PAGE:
Madeline Dukes’ intuitive process is like musical composition


Petals and Peonies, oil mixed media on canvas, 24″ x 24″

While landscapes and organic forms are the principal subjects of Madeline Dukes’ art, manifesting in abstracts, florals, landscapes and waterscapes, abstracts are closest to the heart of her vision.

“I will always lean to abstraction,” says the Charleston-based painter. “It is extremely challenging and satisfying to respond with your senses to a subject and its environment while deconstructing its space and forms.”

Dukes notes that creating work in its beginning stages is analogous to solving a puzzle.

“I break the subject matter down and then reconstruct it on canvas while simultaneously emphasizing and de-emphasizing the dynamics being played out in the painting,” she explains. “It is an absolute necessity that I keep myself open to working in both a responsive and loose manner. Needless to say, my method of creating requires tapping into my physical, spiritual and mental attributes.”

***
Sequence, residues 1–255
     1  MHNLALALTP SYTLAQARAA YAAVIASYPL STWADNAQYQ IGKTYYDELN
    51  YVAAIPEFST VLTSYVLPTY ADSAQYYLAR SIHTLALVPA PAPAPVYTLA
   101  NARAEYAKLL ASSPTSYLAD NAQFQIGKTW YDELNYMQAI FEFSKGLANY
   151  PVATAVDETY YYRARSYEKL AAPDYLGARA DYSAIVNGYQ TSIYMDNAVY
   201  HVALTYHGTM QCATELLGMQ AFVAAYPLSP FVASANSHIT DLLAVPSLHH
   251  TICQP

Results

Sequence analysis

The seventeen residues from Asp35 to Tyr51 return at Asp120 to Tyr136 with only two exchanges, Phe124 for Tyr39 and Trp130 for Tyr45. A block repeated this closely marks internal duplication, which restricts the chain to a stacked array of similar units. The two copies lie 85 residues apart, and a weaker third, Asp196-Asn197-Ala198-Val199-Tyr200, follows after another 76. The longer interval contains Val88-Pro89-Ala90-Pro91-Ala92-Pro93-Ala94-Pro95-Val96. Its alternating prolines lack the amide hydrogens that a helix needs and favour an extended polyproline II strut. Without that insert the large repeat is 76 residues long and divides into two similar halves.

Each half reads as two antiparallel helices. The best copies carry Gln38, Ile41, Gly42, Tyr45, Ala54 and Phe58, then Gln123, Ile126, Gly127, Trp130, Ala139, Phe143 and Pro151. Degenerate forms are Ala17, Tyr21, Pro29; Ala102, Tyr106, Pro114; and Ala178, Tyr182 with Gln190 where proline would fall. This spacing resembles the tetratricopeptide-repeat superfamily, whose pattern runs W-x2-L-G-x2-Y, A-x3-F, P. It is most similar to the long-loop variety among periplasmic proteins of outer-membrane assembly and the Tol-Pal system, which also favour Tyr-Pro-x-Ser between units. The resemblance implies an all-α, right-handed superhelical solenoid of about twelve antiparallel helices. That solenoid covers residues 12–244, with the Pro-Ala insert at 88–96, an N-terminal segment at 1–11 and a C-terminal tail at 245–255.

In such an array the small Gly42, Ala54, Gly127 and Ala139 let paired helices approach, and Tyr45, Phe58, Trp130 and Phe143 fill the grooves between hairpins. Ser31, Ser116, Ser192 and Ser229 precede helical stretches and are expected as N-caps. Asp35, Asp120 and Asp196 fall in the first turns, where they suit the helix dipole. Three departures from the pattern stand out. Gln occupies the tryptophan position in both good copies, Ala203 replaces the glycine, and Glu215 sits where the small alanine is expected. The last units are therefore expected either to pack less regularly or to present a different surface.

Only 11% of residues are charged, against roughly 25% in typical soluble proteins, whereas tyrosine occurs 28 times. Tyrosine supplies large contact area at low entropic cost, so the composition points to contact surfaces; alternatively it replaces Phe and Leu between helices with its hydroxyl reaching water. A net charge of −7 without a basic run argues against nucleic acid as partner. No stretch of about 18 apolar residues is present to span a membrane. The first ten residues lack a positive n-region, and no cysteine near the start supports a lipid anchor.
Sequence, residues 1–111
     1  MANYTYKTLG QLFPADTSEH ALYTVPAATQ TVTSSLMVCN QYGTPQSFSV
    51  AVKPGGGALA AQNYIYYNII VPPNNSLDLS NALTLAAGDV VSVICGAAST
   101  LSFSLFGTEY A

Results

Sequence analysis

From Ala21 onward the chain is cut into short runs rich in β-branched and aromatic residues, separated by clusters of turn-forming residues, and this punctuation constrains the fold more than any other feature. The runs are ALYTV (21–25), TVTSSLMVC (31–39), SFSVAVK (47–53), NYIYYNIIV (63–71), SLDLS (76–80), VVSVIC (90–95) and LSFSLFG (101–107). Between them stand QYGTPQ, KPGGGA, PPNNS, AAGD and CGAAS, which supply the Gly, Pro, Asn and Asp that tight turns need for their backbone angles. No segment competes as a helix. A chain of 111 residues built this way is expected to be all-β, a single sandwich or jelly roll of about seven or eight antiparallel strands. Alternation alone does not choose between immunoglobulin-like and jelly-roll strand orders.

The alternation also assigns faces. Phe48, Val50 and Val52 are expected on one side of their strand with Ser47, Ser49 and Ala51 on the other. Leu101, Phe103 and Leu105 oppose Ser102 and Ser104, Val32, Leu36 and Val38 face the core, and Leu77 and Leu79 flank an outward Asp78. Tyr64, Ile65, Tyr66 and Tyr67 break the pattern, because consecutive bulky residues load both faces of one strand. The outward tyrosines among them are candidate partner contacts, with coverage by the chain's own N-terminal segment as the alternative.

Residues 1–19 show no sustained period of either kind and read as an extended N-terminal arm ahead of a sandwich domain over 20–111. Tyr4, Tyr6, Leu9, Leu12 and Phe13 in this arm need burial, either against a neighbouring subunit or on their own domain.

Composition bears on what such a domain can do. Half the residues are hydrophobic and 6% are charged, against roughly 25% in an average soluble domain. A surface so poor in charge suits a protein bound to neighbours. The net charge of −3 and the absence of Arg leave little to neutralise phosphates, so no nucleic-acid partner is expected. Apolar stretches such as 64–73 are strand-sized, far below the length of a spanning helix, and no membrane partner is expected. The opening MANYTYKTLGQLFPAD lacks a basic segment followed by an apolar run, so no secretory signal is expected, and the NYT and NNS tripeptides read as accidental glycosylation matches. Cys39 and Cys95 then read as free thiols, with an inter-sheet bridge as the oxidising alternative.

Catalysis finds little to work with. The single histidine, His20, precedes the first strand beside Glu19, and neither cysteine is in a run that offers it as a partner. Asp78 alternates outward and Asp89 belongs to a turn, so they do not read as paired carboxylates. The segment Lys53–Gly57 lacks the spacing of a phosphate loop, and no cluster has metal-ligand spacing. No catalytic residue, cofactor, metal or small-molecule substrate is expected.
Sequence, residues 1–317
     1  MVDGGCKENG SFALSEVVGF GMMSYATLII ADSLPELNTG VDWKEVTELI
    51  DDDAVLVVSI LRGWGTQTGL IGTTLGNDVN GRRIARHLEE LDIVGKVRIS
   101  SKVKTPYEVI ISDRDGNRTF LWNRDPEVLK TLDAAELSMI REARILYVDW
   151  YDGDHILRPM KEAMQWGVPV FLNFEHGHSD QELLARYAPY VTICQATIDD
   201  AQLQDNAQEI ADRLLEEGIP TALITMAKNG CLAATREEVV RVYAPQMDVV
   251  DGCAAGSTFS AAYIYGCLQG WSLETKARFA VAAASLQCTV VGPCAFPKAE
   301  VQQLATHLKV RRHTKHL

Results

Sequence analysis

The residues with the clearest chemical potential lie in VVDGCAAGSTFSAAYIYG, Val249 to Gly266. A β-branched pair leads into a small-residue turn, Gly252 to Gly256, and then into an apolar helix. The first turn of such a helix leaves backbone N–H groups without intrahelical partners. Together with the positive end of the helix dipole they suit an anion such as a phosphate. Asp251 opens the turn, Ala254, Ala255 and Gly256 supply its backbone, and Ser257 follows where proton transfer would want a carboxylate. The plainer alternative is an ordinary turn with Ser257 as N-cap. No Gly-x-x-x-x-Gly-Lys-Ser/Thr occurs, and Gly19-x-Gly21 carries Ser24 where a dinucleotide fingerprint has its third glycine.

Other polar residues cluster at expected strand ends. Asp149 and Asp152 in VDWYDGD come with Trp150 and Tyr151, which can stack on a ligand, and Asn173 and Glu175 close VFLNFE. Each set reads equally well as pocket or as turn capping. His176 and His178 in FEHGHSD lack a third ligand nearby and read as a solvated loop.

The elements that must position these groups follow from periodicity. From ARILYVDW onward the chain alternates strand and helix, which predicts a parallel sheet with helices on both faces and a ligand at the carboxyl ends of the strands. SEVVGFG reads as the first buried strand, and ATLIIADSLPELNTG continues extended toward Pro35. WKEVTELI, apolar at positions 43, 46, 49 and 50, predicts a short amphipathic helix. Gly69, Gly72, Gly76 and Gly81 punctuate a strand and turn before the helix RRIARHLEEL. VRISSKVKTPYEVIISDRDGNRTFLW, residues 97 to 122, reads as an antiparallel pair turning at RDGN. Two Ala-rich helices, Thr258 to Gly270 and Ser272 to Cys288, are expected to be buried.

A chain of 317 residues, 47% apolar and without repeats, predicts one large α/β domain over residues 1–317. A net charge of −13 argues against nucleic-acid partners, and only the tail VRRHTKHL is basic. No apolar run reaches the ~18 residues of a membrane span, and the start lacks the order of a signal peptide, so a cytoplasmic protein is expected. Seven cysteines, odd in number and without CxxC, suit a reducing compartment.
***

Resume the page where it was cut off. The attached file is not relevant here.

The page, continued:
Born in Beaufort, South Carolina, Dukes spent most of her youth near the North Carolina border in Clover before attending Winthrop University. She graduated in 1996 with a degree in political science, minoring in studio art and women’s studies.

Daydreaming, acrylic and oil mixed media on canvas, 48″ x 48″

“As a very young child, I realized that I would like to be a professional artist or work in a design-oriented field,” says Dukes, who was Artist-in-Residence at the Charleston County School of the Arts in 2023. “I always felt ‘the call.’ During my 20s and early 30s, I was working full time and creating art part time, but by 2001, I was given the opportunity to begin a full-time career in visual arts.”

She and her family—husband Devin and son Devin Jr.—were lured to the Charleston area by job and cultural opportunities. And the creative environment has helped inform her work.

Dukes employs what she terms an interactive process of observation in nature to capture color, rhythm, depth, line and atmosphere.